Col. John Todd, whose honored name this county bears, was the
eldest of three brothers, and a native of Pennsylvania. He was
educated in Virginia, at his uncle's-the Rev. John Todd-and at
maturity entered upon the study of the law, subsequently obtaining a
license to practice. He left his uncle's residence, and settled in
the town of Fincastle, Va., where he practiced law for several
years; but Daniel Boone and others having explored Kentucky, Col.
Todd, lured by the descriptions given him of the fertility of the
country, about the year 1775 came first to Kentucky, where he found
Col. Henderson and others at Boonesboro. He joined Henderson's
party, obtained a pre-emption right, and located sundry tracts of
land in the present county of Madison, in Col. Henderson's land
office. He afterward returned to Virginia, and in the year 1786
again set out from Virginia with his friend, John May, and one or
two others, for Kentucky. They proceeded some distance together on
the journey, when for some cause Mr. May left his servant with Col.
Todd to proceed on to their destination, and returned to Virginia.
Col. Todd proceeded on to the place where Lexington now stands, and
in its immediate vicinity improved two places-the one in his own
name and the other in that of his friend, John May-for both of which
he obtained certificates for settlement and pre-emption of 1,400
acres. These pre-emptions adjoin and lie in the immediate vicinity
of the city of Lexington. It appears from depositions taken since
his death, that he accompanied Gen. Clarke in his expedition against
Kaskaskia and Vincennes, and was at the capture of those places.
After the surrender of these posts it is supposed lie returned to
Kentucky, but it appears from letters written by Gen. Clarke that
Col. Todd was appointed to succeed him in the command at Kaskaskia.
Under an act of Virginia Legislature passed in 1777, by which that
part of Virginia conquered by Clarke, and all other of her territory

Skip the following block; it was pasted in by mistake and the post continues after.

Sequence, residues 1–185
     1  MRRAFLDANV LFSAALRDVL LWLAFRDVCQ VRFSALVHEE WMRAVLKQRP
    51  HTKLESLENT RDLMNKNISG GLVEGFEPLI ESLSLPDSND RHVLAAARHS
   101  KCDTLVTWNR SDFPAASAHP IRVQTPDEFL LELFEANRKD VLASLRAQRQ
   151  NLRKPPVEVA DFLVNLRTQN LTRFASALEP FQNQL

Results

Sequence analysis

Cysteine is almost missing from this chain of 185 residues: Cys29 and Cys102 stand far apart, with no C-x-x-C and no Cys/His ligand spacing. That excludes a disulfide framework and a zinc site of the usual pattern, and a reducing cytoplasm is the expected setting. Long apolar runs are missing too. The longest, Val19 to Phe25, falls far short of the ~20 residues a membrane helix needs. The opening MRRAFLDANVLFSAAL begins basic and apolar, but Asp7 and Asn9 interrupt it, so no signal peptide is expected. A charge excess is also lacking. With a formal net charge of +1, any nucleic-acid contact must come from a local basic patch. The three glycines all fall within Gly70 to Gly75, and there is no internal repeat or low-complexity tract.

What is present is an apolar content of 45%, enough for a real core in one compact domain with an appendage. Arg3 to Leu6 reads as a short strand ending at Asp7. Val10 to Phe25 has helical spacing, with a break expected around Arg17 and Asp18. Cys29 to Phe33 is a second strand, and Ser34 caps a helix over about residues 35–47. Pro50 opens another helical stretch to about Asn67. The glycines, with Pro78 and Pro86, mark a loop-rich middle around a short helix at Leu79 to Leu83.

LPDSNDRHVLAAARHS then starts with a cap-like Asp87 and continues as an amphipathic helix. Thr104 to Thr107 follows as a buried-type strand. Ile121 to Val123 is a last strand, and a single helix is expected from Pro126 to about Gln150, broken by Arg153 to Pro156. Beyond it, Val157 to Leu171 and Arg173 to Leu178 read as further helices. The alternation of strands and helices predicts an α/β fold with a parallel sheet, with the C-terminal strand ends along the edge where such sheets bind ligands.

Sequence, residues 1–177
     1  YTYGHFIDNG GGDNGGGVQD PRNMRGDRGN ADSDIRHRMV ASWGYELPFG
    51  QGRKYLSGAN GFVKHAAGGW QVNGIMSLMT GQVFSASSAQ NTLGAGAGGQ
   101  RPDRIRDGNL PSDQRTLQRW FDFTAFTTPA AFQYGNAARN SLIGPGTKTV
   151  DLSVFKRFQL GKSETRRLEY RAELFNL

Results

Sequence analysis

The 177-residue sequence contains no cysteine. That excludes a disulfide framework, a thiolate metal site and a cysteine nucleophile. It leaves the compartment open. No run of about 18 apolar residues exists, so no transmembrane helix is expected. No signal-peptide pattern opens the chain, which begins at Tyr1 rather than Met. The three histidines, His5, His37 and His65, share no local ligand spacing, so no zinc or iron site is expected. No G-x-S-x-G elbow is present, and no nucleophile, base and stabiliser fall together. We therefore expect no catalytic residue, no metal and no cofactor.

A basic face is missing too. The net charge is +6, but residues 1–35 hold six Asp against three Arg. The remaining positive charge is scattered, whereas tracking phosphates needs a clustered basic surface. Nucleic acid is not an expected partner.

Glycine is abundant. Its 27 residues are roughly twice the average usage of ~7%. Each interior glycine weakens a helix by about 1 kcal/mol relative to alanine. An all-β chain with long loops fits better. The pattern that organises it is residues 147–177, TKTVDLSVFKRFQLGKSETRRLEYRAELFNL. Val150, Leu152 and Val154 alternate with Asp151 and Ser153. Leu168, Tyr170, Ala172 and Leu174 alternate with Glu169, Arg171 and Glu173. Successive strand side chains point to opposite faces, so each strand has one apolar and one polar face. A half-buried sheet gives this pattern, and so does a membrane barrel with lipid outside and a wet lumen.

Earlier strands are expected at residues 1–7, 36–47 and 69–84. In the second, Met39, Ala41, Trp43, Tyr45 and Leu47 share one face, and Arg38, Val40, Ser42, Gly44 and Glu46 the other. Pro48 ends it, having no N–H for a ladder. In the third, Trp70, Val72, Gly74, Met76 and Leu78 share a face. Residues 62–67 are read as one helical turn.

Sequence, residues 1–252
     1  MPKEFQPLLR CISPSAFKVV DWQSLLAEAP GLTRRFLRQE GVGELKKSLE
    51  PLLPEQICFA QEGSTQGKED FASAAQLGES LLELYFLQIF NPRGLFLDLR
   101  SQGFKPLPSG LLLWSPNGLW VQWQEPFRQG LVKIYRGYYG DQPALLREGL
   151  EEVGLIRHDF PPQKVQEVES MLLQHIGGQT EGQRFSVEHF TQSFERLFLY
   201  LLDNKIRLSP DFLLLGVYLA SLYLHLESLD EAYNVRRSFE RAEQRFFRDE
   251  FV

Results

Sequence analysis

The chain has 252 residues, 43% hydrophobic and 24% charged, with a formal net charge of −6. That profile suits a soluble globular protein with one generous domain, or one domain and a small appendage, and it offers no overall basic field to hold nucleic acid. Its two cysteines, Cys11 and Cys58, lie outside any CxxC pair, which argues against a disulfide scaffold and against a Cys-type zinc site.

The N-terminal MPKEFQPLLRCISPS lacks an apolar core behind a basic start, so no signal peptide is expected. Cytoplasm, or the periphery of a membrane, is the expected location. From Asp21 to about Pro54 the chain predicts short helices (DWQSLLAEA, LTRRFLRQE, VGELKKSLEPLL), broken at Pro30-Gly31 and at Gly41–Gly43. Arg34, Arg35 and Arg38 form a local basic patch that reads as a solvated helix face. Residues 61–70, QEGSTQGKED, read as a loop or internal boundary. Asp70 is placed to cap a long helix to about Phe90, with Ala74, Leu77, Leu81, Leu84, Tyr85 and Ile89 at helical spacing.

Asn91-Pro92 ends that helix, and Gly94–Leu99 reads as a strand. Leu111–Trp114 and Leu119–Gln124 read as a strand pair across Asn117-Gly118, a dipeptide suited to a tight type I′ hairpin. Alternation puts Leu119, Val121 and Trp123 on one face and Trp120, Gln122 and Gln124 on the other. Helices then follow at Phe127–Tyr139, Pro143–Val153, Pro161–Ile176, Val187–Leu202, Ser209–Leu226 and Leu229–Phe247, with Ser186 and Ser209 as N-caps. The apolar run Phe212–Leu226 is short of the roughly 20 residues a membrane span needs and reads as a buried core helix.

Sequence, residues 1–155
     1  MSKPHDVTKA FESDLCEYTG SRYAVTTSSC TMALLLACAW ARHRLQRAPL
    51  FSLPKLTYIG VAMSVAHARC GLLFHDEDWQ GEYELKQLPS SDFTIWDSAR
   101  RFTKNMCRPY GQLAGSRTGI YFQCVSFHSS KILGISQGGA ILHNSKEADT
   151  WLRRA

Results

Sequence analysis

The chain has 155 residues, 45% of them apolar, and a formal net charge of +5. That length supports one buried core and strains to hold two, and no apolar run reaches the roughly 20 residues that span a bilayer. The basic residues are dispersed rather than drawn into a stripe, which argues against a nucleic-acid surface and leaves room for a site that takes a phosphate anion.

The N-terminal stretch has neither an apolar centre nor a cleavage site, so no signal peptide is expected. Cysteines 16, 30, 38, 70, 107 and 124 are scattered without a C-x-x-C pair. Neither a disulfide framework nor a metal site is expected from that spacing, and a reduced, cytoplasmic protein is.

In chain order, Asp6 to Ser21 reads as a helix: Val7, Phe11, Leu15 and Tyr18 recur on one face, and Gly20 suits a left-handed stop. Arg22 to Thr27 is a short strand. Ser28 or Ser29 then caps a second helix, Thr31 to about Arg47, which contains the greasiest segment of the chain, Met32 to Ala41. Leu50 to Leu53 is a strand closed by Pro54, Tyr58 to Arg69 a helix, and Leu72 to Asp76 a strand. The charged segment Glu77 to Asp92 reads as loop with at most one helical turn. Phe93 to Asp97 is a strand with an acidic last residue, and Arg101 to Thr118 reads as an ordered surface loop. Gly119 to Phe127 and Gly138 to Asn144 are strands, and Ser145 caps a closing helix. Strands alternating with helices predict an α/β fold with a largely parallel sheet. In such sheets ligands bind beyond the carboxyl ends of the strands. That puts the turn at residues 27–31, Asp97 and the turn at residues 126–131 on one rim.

northwest of the Ohio River, was erected into the county of
Illinois, of which Col. Todd was appointed Colonel-Commandant and
County-Lieutenant, with all the civil powers of Governor. He was
further authorized, by enlistment or volunteers, to raise a regiment
for the defense of the frontier. He immediately entered upon the
duties of his office, and was seldom absent from his Government up
to the time of his death. The regiment was raised for one year's
service, but was continued in duty until about 1779, when the State
of Virginia raised four additional regiments-two for the eastern and
two for the western part of Virginia. Col. Todd was appointed to the
command of one of these. In the spring of 1780, Col. Todd was sent a
delegate to the Legislature of Virginia, from the County of
Kentucky. While attending on the Legislature he married Miss
Hawkins, and returned subsequently to Kentucky, settling his wife in
the fort at Lexington. He again visited Illinois, and was engaged
continually in the administration of its Government and in military
affairs, so that he was seldom with his family until the summer of
1782, when in the month of August the Indians besieged Bryan's
Station in great force. The disastrous battle of the Blue Licks
followed on the 19th of that month. Among the noble brave who fell,
fighting to the last, was Col. John Todd, in the midst of usefulness
and in the prime of life. His wife survived him, and an only child,
a daughter, about twelve months old. This daughter was still living
in 1847 (as wife of Robert Wickliffe, Sr.), and was then the oldest
female native of Lexington.
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